Eight ways to save water during Italy’s drought

As one of the worst droughts in Italian history grips the country, here are some simple ways to save water at home and help de-escalate the emergency.

Garden hose
As Italy faces one of the worst droughts in its recent history, there are a number of ways residents can help save water. Photo by Frederic J. BROWN / AFP

Italy remains under the jackboot of one of the worst droughts in its recent history. As rain isn’t on the cards for at least another week, the country’s water crisis keeps escalating.

Several regions have asked to be granted a ‘state of emergency’ and municipalities up and down the country have already autonomously imposed water-saving measures, including water rationing.

READ ALSO: Drought in Italy: What water use restrictions are in place and where?

While the government’s much-awaited decreto siccità (drought bill), which is expected by the end of this week, will likely clarify what exactly will be asked of those living in the most vulnerable Italian regions, there are a number of simple steps we can all take now to help.

After scouring Italian media reports on the crisis, we’ve compiled eight of the best – and easiest – water-saving tips below.

Equip all of your taps with an aerator

Aerators mix the water coming out of regular taps with air and reduce water pressure, thus allowing households to save between 6,000 and 8,000 litres of water per year.

They can be found in any homeware shop, generally cost between one and two euros and are extremely easy to install yourself.

Water fountain in France

There are some very simple ways to keep your water usage down. Photo by Kenzo TRIBOUILLARD / AFP

Check you don’t have any leaks around the house

Granted, this might look like one of those ‘duh, really?’ pieces of advice. But the impact that even small leaks can have on a household’s water usage should not be underestimated. 

A minor leak might mean that you are (quite literally) flushing up to 100 additional litres of water down the drain. So, if you spot a leak, get it fixed ASAP.

Equip your toilet with a dual flush plate (or button) or a flow-regulating handle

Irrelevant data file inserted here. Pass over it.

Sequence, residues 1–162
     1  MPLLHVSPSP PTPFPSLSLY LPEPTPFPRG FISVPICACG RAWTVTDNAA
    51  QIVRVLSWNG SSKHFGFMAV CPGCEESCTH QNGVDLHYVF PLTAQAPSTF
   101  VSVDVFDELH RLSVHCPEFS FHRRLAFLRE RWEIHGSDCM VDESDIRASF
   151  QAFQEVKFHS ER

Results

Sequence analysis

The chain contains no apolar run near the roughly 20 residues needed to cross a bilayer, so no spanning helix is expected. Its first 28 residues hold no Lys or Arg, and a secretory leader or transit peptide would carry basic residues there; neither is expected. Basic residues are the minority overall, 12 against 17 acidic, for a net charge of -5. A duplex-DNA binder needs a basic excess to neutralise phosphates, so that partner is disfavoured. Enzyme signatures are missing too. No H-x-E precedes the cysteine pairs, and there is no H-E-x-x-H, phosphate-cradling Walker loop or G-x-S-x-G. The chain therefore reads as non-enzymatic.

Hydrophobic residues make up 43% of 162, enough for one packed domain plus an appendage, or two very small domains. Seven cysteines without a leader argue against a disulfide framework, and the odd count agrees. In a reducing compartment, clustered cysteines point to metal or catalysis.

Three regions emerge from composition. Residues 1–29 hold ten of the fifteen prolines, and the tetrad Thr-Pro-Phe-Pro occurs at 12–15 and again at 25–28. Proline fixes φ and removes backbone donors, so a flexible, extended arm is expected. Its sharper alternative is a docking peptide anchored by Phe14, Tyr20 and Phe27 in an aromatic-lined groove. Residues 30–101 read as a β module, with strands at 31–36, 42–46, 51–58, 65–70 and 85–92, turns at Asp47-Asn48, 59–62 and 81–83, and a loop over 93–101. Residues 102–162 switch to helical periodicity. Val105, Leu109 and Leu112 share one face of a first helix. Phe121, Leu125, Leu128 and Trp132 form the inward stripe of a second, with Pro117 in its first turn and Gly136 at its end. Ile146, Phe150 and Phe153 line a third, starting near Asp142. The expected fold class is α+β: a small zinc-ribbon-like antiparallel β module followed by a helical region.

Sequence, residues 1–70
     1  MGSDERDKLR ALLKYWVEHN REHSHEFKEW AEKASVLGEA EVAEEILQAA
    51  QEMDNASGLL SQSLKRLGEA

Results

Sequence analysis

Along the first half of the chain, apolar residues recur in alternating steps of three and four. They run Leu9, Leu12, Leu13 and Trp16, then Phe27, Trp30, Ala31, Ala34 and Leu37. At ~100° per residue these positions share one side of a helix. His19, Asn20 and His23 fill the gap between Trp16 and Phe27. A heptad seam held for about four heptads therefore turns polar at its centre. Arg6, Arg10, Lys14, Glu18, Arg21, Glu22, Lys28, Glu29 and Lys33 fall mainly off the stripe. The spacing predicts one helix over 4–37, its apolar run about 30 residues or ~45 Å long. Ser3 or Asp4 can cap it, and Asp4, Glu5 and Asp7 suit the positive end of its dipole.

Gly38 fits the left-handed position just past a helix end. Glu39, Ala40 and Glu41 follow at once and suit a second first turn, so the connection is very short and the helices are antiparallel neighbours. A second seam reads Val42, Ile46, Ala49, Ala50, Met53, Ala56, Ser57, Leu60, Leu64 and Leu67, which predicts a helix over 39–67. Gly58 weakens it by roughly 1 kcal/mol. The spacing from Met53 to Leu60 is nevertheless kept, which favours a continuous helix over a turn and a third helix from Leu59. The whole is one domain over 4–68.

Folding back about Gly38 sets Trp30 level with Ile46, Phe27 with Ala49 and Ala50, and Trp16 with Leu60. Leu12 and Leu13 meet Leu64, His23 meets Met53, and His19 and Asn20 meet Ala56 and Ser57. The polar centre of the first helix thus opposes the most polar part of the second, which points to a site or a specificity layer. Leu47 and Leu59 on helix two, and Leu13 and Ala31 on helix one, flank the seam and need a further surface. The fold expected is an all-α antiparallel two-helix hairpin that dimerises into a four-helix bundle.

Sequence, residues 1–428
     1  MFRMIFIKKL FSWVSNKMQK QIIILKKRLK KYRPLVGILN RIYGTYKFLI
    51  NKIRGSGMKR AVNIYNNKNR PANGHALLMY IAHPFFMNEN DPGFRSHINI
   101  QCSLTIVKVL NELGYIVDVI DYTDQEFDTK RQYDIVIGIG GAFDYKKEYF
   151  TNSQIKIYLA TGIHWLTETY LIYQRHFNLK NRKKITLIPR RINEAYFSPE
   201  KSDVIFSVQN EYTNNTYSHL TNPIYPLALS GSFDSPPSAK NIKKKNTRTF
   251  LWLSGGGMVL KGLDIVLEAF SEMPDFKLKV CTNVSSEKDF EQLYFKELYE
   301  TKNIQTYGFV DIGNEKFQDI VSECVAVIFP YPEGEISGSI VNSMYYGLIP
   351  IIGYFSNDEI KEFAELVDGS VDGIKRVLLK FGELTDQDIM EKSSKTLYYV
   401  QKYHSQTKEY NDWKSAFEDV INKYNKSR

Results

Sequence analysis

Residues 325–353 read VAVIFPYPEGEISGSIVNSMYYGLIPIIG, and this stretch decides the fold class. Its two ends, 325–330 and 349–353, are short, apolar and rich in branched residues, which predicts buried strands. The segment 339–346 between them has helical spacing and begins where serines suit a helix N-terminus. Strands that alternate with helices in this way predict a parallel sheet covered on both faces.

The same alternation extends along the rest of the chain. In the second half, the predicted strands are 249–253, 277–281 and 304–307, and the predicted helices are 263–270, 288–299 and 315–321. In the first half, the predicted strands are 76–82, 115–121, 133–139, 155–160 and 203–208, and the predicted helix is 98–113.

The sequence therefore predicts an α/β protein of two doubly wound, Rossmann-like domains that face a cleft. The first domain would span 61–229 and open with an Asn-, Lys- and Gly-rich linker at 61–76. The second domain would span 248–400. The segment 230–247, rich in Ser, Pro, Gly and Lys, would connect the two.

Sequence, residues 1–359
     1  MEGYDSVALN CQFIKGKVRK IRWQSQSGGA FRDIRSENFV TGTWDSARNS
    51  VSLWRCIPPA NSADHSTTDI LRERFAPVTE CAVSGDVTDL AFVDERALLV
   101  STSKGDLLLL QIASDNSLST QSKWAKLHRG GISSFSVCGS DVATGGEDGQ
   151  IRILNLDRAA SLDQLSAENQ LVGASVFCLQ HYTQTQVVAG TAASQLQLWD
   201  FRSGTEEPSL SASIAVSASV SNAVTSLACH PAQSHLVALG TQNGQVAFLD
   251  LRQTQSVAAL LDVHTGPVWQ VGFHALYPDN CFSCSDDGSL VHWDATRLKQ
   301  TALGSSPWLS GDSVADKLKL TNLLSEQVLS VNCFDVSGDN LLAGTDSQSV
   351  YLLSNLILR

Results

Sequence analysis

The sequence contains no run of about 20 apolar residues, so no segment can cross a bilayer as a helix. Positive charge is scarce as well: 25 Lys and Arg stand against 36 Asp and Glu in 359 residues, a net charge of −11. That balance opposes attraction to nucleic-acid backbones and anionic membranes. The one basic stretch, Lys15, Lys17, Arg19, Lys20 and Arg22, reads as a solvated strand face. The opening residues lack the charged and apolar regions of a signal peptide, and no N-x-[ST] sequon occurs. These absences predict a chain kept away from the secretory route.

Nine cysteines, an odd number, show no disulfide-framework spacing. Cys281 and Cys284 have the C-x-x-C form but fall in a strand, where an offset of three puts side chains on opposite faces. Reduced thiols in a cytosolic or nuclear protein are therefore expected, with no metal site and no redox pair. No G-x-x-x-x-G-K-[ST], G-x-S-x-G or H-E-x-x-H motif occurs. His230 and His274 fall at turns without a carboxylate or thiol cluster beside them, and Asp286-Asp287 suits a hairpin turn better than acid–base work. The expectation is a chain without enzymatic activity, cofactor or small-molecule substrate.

All ‘new-generation’ toilets should have one of the above. However, should that not be the case, you can replace your old flushing system with a more efficient one and save between 10,000 and 30,000 litres of water a year.

Take a shower instead of a bath

Baths are a wonderful way to relax and let go of the stress accumulated during the day. But they also require two to three times the average amount of water consumed by having a regular shower (that is, between 40 and 60 litres). So in these times, you might want to opt for the latter.

Don’t keep the water running when it’s not necessary

This is one of the classics. There is, of course, no need to keep the tap on when you don’t need running water. Something to consider during a number of daily activities, including brushing your teeth and shaving.

Start your dishwasher and washing machine only when they’re fully loaded

Make sure you switch on these appliances only when they’re at full capacity. Also, avoid hand-washing: contrary to what some may think, it is in fact far more wasteful than using electronic appliances. 

For instance, washing dishes by hand will use about 60 to 70 litres of water a day, whereas a single dishwasher cycle consumes 12 to 15 litres of water on average.

READ ALSO: ‘Four to five light meals a day’: Italy’s official advice for surviving the heat

Local authorities in drought-hit areas are asking residents not to fill up pools. Photo by Piero CRUCIATTI / AFP

Only wash your car when strictly necessary and use a bucket

Who doesn’t like a clean, shiny car? But in times of crisis, some small sacrifices are called for. So, one of the most common recommendations is to wash your vehicle only when absolutely necessary, and to do so by using a bucket rather than a hose. 

Water your plants at night

Water evaporates quickly during the peak hours of the day, whereas the evaporation rate is lower in the evening, when the temperature falls.

Watering your plants in the evening will allow them to absorb more water and, in turn, save your household (and the environment) between 5,000 to 10,000 litres of water per year.